Transport network capacity is always defined by peak time demand, so pass a law dictating differential working hours for businesses and services in peak transport areas (London). Why does everyone start between 8.30 – 9.00am? Extend the rush hour to a 3 hour window, and you’ve solved most of your peak capacity issues.

    Invest in a state backed network of video conference facilities throughout the country.

    There are so many ideas for cheaper and more effective alternatives to HS2, that meet our current perceived needs as well as offer far greater flexibility for any future unforeseen development. I’m not saying all of these ideas are valid, but we seem to be stuck in a mindset that says we must spend billions upon billions developing HS2 and third runway at Heathrow, and that these will solve all our problems.

    I rather suspect that these thoughts are the result of typical government ‘big project’ mentality, backed up by the capture of government by multinational construction interests, who love nothing more than endless feasibility studies and open ended financial commitments from the taxpayer to huge construction projects.

    Think differently, and the ideas will come.

  6. @Colin

    Your post points to the issue that New Labour had with the economy.

    They were in practice happy for the broad economic rule book that the Conservatives wrote post 1979 to remain, but tried to paper over the cracks that were the result. For example, income inequality increased, so New Labour introduced tax credits and the minimum wage.

    Low wages, unemployment and job insecurity at the bottom were the by-product of the neoliberalism. Yet rather than change the rule book (the root cause) they just dealt with the symptoms.

    For me, if you don’t like the symptoms of something, be brave and honest enough to offer an alternative.

  7. CATMANJEFF

    We’ll see how “brave & honest ” he is then !

  8. @Colin

    Is Ed a man or a mouse?

    Squeak.

  9. @Alec

    Invest in a state backed network of video conference facilities throughout the country.

    Sadly we need to change business culture for this to work.

    As part of my job, I deal with customer complaints. I have been dragged out on 9 hour round trips for something quite trivial, that could have been dealt with by video conference.

    The inconvenience of such trips is used as part of pain you feel.

    In general terms many of the site visits I perform are not required, but just accepted current practice.

  10. CATMANJEFF
    “Low wages, unemployment and job insecurity at the bottom were the by-product of the neoliberalism. Yet rather than change the rule book (the root cause) they just dealt with the symptoms.”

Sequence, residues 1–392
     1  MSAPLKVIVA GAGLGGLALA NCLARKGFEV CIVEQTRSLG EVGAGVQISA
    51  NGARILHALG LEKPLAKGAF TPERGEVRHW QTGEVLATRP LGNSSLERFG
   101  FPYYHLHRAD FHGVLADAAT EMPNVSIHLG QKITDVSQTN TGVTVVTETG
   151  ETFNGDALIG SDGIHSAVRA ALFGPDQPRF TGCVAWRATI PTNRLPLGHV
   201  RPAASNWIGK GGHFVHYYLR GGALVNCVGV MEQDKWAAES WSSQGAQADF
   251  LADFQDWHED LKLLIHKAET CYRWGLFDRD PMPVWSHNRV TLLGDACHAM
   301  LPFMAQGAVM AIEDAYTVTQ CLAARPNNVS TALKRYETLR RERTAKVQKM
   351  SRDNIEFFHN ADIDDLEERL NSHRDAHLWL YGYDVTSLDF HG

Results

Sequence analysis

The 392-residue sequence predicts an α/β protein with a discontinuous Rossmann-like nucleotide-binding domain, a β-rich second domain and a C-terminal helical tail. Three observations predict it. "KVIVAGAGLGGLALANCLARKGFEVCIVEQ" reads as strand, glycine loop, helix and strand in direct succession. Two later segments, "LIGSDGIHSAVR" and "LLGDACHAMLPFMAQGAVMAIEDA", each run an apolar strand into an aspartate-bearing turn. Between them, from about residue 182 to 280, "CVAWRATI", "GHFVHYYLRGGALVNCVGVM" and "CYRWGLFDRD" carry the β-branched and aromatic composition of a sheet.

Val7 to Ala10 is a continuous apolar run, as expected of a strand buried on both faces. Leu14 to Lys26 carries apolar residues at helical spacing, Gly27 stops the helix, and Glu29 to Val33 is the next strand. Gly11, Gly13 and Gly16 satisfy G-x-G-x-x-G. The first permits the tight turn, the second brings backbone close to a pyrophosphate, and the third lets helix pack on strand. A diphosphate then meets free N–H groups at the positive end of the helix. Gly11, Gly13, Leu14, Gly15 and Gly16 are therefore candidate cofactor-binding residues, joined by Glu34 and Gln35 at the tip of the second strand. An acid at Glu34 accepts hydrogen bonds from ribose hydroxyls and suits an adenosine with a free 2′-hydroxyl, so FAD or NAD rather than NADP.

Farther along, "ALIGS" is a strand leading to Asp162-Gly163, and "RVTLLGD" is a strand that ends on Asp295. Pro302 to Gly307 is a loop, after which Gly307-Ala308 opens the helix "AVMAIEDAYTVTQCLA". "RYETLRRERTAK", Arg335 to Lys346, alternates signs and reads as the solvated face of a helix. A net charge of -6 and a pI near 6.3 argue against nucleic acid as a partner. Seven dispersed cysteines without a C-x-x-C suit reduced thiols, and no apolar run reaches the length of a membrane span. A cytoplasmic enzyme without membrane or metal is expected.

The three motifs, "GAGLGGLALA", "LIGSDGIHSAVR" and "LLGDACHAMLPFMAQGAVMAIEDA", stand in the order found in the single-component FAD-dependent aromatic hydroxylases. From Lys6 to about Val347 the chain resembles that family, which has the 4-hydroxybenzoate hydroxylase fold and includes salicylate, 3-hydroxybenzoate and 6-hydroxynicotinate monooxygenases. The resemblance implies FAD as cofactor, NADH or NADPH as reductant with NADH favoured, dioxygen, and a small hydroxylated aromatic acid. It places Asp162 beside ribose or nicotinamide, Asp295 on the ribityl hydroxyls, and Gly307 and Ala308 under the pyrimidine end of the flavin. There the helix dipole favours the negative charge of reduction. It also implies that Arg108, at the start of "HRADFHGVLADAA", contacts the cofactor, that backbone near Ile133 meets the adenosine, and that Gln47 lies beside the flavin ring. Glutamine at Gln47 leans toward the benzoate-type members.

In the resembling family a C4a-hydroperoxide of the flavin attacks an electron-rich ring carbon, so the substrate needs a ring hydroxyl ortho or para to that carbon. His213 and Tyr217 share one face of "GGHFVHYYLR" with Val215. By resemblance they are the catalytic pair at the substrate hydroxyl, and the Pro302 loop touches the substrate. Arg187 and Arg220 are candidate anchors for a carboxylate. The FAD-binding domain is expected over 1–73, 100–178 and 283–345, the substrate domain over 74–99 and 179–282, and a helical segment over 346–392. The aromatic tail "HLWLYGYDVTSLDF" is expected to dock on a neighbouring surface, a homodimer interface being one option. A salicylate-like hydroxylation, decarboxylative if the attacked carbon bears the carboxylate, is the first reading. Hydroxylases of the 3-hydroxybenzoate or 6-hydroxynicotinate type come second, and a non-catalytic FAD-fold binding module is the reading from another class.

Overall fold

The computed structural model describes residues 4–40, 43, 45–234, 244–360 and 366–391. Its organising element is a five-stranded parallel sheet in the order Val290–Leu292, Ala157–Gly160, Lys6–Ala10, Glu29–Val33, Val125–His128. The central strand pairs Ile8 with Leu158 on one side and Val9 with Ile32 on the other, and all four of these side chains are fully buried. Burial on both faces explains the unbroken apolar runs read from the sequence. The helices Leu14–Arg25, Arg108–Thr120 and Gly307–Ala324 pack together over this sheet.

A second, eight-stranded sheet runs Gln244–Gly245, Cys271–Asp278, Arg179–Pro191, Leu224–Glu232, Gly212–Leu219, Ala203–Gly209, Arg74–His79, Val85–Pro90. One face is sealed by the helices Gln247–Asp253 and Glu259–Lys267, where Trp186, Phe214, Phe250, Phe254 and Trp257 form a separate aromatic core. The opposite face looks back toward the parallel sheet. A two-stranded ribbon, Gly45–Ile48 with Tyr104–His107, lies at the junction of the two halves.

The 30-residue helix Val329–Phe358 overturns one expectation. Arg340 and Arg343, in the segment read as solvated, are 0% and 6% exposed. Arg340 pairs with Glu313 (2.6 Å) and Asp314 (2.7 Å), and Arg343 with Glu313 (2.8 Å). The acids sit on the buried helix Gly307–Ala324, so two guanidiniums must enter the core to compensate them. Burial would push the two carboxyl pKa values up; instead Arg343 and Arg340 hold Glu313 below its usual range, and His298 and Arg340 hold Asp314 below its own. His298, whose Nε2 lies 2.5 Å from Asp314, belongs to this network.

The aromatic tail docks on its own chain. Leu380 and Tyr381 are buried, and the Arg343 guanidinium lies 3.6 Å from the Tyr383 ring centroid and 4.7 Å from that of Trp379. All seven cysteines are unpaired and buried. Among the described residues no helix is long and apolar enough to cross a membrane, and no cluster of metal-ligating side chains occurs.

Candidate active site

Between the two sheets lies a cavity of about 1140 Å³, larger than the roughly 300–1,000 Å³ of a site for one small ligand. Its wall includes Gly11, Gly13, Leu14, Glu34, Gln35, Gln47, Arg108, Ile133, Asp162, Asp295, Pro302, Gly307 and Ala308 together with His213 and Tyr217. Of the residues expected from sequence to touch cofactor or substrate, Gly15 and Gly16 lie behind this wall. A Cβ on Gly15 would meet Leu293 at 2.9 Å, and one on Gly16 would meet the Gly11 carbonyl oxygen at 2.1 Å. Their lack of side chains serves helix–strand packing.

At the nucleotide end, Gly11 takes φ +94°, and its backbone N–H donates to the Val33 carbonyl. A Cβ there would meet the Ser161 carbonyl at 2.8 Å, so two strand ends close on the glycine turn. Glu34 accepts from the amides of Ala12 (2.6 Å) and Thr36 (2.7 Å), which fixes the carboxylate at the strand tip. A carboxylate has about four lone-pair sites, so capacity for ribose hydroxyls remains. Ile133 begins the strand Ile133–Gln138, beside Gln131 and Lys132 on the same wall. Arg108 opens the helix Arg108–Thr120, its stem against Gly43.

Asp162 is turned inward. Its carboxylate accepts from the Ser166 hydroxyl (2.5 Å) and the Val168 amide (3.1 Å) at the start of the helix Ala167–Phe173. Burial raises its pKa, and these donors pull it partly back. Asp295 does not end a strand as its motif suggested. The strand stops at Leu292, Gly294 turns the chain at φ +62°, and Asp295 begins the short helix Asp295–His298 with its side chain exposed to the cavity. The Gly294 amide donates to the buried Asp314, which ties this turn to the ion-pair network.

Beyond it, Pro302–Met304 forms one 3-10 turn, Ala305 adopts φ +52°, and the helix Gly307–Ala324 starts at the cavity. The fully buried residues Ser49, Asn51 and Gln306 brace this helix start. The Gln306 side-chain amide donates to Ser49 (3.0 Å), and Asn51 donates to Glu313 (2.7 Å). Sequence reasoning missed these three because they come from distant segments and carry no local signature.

Could you explain further? It was neoliberalism, it was the market system, it was the employment structure, for example,, part-time jobs, contract employment, just-in=time procurement, immigration of low waged high skilled workers from Eastern Europe. Which bit of the rule book would you have changed?

  11. @John Pilgrim

    The whole deregulation and privatisation agenda was wrong. The default position was (and still is) private is best, regardless.

    You can certainly reverse this (renationalise the railways, rather than have a broken up, patch work system). The free market in things like energy never really worked, and just delivered opaque monopolies.

    Our deregulated employment laws made it harder for workers. Look at the way the minimum wage was fought tooth and nail, with dire warnings that simply did not materialise once the policy was implemented. I think employment laws are now too much in favour of business (large corporates in particular) , with endless pressure push that envelope even further.

    The shifting tax base led to the rich becoming richer, and the most ordinary people not keeping up. We have scope to change where we derive taxation from.

    We had an unsustainable asset bubble in house prices. Given recent events, it looks like we haven’t learned one thing and look to repeat it. The housing market can be changed by different regulation on the credit side, and on the supply side ensuring more houses are built for rent and sale.

    We could do things differently, with the political will.

  12. Great post Catmanjeff agree with all will ad rent control to stop London boroughs farming out tenants to outer boroughs.

  13. @Catmanjeff – “Sadly we need to change business culture for this to work.”